How to encourage children to express their feelings

Learn about: How to encourage children to express their feelings from Kim DeMarchi, MEd, CPE,...
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How to encourage children to express their feelings

Many adults as children were not allowed to express their feelings. We were told don't cry, I will give you something to cry about. Now today we want to invite our children to express their feelings. We want to have a communicative relationship with our children. Feeling stoppers are tools that parents sometimes use that put a stop to their children sharing their feelings. Feelings are simply feelings, they are not good, they are not bad, they just are. When a child comes to us and we use tactics such as scolding, reprimanding, ignoring, sarcasm, teasing, punishing, any of those things, it immediately stops that child from wanting to come to you next time and wanting to share feelings. A feeling encourager on the other hand, invites expression from our children; listening, looking at them, eye contact, empathizing with them, validating their feelings. All of those things invite expression from your children and that's what we want because when our children are teenagers and older, we want to have that kind of open dialogue with our children.

Learn about: How to encourage children to express their feelings from Kim DeMarchi, MEd, CPE,...


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Kim DeMarchi, MEd, CPE

Parent Educator

is an Oregon resident, in the United States, with 18 year old boy/girl twins in the Tigard Tualatin School District, and has been an educator for almost three decades. She began her career as an elementary school teacher for 12 years, then worked as an elementary school administrator for 6 years, and then decided to dedicate herself to teaching parenting classes and workshops exclusively. Kim is trained and certified through a program called Positive Discipline by Jane Nelsen, as well by the International Network for Children and Families, in a program called Redirecting Children‘s Behavior. She also has taken recent trainings in the areas of Youth Mental Health First Aid, Adult Mental Health First Aid, ACES (Adverse Childhood Experiences), ASIST (Applied Suicide Intervention Skills Training), Trauma Informed Care, Smart Voices/Smart Choices: Parents Talking with Kids about Mental Wellness and Substance Use, and Making the Connection: Stress, Teen Brains & Building Resilience. Kim is active in supporting her local parenting community by providing workshops, classes, coaching families and writing monthly articles for two local newspapers Tualatin Times and Tigard Times. Kim is a monthly guest on KATU's Afternoon Live and an occasional guest on KATU's AM Northwest television show doing parenting segments. Kim also reaches thousands internationally through her close to one hundred 30 minute parenting podcasts found on her website. Additionally, Kim recently made her fifth trip to Asia during the last few years to teach and share her passion in raising cooperative, respectful, resilient and responsible children. Kim’s goal for you is to help reduce conflict, foster mutual respect, and create deeper communication and connections with your loved ones.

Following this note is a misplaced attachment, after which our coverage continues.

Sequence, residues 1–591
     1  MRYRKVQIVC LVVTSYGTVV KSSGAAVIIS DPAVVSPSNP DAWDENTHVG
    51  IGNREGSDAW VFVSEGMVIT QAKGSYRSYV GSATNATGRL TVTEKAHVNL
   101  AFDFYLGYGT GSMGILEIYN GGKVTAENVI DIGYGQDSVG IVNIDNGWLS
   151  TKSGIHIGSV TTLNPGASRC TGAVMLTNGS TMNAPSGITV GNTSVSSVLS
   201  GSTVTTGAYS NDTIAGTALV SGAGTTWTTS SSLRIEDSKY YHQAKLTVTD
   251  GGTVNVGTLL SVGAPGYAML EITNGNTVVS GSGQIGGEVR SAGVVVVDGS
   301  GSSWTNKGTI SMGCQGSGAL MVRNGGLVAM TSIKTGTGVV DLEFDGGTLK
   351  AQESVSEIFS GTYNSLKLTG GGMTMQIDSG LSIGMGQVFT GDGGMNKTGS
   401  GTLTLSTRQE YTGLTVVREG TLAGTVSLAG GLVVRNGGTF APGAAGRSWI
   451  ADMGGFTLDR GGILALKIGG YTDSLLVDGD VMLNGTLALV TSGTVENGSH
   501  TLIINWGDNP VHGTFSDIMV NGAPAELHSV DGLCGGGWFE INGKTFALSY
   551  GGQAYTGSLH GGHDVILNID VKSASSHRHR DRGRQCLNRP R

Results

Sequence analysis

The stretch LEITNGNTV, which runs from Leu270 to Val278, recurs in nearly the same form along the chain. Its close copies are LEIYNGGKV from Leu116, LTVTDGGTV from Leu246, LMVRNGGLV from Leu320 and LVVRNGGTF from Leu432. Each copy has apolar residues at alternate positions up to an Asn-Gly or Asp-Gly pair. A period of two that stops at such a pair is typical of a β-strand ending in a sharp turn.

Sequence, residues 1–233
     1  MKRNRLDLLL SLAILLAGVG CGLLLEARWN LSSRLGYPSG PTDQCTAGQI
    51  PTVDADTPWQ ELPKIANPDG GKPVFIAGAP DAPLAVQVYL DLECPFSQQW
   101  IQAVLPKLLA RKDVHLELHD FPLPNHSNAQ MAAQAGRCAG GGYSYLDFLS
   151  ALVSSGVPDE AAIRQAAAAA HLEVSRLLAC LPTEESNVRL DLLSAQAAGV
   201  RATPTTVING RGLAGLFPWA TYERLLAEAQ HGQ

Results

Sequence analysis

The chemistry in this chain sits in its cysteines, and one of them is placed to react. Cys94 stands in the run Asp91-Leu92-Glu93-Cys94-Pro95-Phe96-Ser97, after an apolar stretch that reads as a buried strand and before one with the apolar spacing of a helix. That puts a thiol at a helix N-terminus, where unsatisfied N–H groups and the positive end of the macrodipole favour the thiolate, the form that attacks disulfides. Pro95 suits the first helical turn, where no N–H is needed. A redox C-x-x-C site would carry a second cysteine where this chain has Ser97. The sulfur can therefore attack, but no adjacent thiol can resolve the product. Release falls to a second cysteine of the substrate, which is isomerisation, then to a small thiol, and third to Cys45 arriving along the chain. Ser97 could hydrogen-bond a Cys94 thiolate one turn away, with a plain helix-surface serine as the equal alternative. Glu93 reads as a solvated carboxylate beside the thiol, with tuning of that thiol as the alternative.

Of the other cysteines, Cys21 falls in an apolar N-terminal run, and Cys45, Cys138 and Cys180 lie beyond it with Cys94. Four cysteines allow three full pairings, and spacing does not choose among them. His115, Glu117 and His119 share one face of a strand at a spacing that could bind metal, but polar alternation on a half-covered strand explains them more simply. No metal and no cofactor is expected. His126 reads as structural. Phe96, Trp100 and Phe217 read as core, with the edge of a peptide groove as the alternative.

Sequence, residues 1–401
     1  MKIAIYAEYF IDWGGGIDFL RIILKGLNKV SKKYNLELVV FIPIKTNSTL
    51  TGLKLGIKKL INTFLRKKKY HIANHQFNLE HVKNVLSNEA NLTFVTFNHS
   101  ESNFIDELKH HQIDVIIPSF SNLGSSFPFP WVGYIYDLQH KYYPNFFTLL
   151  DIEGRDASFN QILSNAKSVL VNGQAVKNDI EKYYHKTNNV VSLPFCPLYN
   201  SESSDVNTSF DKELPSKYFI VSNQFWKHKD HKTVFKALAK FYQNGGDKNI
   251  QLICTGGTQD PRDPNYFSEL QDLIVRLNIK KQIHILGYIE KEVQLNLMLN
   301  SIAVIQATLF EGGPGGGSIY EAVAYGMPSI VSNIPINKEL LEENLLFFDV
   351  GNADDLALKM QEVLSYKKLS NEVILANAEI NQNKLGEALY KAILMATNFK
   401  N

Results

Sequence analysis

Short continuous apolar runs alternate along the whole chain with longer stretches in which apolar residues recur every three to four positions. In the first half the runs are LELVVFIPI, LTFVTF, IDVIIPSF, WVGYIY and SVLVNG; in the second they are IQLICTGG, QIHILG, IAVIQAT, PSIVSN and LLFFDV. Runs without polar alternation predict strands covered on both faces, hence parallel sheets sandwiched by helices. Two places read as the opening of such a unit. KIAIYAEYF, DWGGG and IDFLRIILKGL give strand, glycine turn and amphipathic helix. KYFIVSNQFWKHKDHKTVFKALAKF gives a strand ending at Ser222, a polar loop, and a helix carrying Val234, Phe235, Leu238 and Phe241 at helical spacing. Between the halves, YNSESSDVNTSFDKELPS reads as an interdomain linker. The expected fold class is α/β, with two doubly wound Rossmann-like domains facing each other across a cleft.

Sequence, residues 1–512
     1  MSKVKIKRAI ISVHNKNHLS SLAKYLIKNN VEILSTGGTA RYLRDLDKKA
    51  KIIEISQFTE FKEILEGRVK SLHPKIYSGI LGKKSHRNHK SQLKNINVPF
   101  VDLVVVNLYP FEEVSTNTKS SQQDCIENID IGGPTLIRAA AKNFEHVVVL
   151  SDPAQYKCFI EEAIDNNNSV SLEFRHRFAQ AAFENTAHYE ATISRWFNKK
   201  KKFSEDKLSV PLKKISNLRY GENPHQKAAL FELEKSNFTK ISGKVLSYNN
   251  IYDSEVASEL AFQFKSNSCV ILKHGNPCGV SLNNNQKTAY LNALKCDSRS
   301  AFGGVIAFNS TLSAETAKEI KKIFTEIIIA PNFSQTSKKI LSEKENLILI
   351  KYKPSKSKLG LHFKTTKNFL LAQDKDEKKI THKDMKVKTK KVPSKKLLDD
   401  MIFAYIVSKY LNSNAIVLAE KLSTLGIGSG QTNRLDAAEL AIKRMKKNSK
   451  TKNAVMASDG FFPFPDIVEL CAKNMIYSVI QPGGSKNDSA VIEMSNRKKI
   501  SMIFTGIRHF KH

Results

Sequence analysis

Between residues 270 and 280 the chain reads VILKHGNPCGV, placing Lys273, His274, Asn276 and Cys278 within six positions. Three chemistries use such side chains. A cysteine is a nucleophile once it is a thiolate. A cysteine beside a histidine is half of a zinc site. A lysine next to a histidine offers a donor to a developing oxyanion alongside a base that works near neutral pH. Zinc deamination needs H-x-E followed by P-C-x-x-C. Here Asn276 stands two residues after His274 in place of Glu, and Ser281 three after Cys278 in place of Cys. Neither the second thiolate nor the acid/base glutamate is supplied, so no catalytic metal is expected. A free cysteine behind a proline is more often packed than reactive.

You can reach Kim and her resources at her website:

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